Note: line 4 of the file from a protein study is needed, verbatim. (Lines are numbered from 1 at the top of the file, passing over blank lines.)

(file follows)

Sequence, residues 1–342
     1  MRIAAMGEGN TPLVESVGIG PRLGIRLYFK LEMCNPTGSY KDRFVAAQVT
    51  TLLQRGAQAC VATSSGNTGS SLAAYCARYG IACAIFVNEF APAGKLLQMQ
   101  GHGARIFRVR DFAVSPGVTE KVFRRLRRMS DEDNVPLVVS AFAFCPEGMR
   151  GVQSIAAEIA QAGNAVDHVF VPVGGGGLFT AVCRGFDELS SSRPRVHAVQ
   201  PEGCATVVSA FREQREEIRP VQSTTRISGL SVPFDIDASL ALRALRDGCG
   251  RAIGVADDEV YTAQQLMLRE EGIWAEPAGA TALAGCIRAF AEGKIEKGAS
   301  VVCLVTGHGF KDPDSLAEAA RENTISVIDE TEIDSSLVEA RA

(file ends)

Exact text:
   101  GHGARIFRVR DFAVSPGVTE KVFRRLRRMS DEDNVPLVVS AFAFCPEGMR